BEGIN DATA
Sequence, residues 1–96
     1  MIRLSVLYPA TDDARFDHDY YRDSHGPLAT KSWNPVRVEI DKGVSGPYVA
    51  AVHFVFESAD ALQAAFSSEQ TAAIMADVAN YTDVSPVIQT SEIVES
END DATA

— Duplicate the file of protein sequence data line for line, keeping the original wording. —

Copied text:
Sequence, residues 1–96
     1  MIRLSVLYPA TDDARFDHDY YRDSHGPLAT KSWNPVRVEI DKGVSGPYVA
    51  AVHFVFESAD ALQAAFSSEQ TAAIMADVAN YTDVSPVIQT SEIVES